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Periorbital and orbital cellulitis in children: a survey of emergency physicians and analysis of clinical practice guidelines across the PERUKI network
  1. Meriel Tolhurst-Cleaver1,
  2. Jordan Evans2,
  3. Thomas Waterfield3,
  4. Jonathan Adamson4,
  5. Robin Marlow5,
  6. Mark D Lyttle6,
  7. Damian Roland7,8
  1. 1 Emergency Department, Alder Hey Children's NHS Foundation Trust, Liverpool, UK
  2. 2 Emergency Department, University Hospital of Wales Healthcare NHS Trust, Cardiff, Cardiff, UK
  3. 3 Emergency Department, Royal Belfast Hospital for Sick Children, Belfast, UK
  4. 4 Emergency Department, Birmingham Women's and Children's NHS Foundation Trust, Birmingham, UK
  5. 5 Paediatric Emergency Department, Bristol Royal Hospital for Children, Bristol, UK
  6. 6 Emergency Department, Bristol Royal Children's Hospital, Bristol, UK
  7. 7 Health Sciences, University of Leicester, Leicester, UK
  8. 8 Paediatric Emergency Medicine Leicester Academic (PEMLA) Group, University Hospitals of Leicester NHS Trust, Leicester, UK
  1. Correspondence to Dr Meriel Tolhurst-Cleaver, Emergency Department, Alder Hey Children's NHS Foundation Trust, Liverpool L12 2AP, UK; meriel.tolhurst-cleaver{at}


Background Due to limited evidence to guide management of periorbital cellulitis (POC), we surveyed current practice and assessed quality and consistency of local clinical practice guidelines (CPGs) to highlight future research priorities.

Methods A web-based survey was sent to a designated emergency physician (who clinically assesses children) at Paediatric Emergency Research United Kingdom and Ireland (PERUKI) sites between 23 November 2018 to 22 January 2019. A nominated site lead offered one response as a department-wide perspective on admission, severity assessment, treatment, disposition and specialty consultation request. Sites shared their CPG. These were compared using a standardised data collection tool, and quality assessed using Standardised Reporting Practice Guidelines in Healthcare (RIGHT) criteria. Survey responses were also compared against CPG recommendations.

Results 83% (49/59) institutions invited submitted an individual survey response. 67% of responding sites had a CPG and 63% (31/49) submitted these. CPG quality was poor (mean 6.7/35 RIGHT criteria). 21 different severity markers were identified across CPGs. Most CPGS recommend investigations for severe disease, yet 23% (7/31) advise blood culture universally. 90% of CPGs advise discharge with oral antibiotics for milder cases, yet 86% of respondents reported departmental admission of all patients with POC. Nearly all respondents included proptosis, systemically unwell and visual disturbance as indications for admission but differed regarding importance of other signs.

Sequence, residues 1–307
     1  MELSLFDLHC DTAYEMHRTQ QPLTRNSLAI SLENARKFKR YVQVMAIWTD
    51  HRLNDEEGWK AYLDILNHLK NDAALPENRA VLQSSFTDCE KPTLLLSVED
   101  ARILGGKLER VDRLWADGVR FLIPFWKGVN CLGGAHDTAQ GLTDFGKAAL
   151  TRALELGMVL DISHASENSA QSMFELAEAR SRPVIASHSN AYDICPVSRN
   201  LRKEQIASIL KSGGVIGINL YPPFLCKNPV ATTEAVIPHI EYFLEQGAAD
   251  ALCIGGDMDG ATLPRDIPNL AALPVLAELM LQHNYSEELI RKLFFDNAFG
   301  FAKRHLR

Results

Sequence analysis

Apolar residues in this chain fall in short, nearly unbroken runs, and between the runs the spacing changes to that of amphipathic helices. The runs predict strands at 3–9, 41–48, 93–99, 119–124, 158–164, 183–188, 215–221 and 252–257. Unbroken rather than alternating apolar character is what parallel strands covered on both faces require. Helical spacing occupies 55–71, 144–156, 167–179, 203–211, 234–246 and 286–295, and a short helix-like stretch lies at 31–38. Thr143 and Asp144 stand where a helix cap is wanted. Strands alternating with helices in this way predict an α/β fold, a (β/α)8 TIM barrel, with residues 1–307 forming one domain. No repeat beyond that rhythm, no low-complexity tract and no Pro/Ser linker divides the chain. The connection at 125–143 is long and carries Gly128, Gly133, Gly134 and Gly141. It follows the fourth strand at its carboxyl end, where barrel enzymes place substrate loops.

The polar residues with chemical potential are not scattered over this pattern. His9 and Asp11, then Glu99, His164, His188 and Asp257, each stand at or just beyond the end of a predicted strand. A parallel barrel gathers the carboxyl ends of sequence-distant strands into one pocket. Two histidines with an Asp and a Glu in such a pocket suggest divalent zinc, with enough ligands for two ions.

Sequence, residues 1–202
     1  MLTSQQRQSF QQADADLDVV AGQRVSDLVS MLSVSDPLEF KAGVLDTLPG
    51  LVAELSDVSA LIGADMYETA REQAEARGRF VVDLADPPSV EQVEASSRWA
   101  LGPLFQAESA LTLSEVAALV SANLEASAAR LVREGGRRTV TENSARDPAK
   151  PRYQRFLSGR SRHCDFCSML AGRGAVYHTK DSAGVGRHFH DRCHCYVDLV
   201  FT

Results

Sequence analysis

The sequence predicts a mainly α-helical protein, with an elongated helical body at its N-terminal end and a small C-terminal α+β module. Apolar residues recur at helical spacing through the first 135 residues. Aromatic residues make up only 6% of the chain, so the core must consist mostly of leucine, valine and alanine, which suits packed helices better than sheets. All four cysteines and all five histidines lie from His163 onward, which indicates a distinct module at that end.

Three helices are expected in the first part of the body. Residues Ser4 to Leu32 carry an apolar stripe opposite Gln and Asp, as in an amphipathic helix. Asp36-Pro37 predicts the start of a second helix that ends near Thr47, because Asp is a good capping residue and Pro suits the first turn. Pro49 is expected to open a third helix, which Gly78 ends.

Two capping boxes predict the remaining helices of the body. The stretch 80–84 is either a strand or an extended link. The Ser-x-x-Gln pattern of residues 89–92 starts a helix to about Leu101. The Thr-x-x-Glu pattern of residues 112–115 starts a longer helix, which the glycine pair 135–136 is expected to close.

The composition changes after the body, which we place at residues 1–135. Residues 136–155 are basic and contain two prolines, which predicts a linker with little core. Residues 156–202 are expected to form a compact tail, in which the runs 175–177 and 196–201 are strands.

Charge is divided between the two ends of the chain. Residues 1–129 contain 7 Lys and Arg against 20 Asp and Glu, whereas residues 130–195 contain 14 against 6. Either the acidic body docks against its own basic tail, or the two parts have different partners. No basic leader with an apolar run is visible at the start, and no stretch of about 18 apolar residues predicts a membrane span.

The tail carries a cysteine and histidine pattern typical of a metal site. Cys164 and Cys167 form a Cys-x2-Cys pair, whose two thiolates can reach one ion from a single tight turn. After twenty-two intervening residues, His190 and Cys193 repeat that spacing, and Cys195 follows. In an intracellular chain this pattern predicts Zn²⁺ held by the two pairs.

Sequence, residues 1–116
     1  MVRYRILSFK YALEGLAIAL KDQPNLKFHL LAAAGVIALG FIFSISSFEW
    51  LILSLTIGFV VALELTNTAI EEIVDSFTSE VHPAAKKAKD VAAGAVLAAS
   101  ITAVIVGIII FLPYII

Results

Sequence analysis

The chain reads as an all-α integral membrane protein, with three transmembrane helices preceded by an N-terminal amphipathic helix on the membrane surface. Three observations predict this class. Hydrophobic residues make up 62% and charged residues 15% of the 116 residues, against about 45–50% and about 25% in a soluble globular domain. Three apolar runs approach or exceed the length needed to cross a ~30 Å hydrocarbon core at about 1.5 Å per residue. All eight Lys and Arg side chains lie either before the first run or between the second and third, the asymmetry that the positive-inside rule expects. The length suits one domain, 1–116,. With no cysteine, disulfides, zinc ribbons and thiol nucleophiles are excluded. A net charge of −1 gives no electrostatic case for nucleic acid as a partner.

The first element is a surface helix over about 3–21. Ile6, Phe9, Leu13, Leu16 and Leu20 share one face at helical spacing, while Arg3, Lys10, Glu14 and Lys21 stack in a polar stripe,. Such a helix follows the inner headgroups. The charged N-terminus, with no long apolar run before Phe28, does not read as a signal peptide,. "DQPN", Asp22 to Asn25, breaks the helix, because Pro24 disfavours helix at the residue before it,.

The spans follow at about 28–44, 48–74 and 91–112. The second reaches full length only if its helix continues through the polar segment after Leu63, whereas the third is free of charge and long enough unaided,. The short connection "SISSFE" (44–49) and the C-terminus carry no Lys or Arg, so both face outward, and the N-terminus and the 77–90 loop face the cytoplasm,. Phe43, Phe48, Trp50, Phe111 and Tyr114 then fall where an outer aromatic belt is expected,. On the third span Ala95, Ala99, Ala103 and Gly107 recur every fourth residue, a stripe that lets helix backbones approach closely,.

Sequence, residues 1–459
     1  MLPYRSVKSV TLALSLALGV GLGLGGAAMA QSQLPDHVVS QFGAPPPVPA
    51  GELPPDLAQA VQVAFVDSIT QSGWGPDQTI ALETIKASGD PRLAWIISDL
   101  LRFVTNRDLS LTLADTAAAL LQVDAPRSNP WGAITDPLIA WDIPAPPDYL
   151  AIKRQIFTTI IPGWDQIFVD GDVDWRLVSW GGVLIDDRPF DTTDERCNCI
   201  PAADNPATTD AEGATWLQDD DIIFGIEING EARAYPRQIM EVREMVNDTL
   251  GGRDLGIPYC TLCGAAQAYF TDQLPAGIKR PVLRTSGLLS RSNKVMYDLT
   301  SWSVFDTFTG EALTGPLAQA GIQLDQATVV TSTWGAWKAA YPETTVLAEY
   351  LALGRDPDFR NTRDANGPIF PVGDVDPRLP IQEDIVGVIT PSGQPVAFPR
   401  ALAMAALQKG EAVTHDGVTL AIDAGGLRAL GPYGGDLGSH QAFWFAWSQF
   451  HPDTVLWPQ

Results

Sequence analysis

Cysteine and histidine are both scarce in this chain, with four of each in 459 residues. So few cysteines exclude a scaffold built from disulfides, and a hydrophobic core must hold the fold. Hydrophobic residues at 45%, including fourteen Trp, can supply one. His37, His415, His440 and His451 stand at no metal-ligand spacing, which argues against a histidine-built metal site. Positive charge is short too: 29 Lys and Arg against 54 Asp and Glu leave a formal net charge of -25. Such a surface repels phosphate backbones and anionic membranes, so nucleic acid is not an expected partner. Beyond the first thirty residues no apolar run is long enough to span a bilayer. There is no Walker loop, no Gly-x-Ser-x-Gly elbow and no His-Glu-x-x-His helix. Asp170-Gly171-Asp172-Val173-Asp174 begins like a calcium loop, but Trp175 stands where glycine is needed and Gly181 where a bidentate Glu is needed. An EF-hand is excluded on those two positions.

Conclusions We demonstrated variation in practice across the PERUKI network in assessment of severity and management of POC. CPGs vary in recommendations, and clinical practice appears to differ from CPGs. Guidelines were generally of poor quality when compared against RIGHT standards.

  • ophthalmology
  • pediatric emergency medicine
  • guideline

Data availability statement

Data are available on reasonable request. Any further data required may be made available via request to the corresponding author.

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Data availability statement

Data are available on reasonable request. Any further data required may be made available via request to the corresponding author.

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  • Handling editor Shammi L Ramlakhan

  • Twitter @merieltc, @adamsonjon, @mdlyttle, @damian_roland

  • Contributors Conceptualised and led study: MT-C. Contributed to the design of the study: all authors. Developed the survey: MT-C, JE. Analysed the survey data: MT-C. Analysed the clinical practice guidelines: MT-C, JE, TW. Drafted the manuscript: MT-C, JE, TW, RM, JA. Critically reviewed the manuscript and contributed to its revision: DR, MDL. Supervised all aspects of the work: TW, DR, MDL. All authors approved the final manuscript and share accountability for the study as a whole.

  • Funding The authors have not declared a specific grant for this research from any funding agency in the public, commercial or not-for-profit sectors.

  • Competing interests None declared.

  • Provenance and peer review Not commissioned; externally peer reviewed.

  • Supplemental material This content has been supplied by the author(s). It has not been vetted by BMJ Publishing Group Limited (BMJ) and may not have been peer-reviewed. Any opinions or recommendations discussed are solely those of the author(s) and are not endorsed by BMJ. BMJ disclaims all liability and responsibility arising from any reliance placed on the content. Where the content includes any translated material, BMJ does not warrant the accuracy and reliability of the translations (including but not limited to local regulations, clinical guidelines, terminology, drug names and drug dosages), and is not responsible for any error and/or omissions arising from translation and adaptation or otherwise.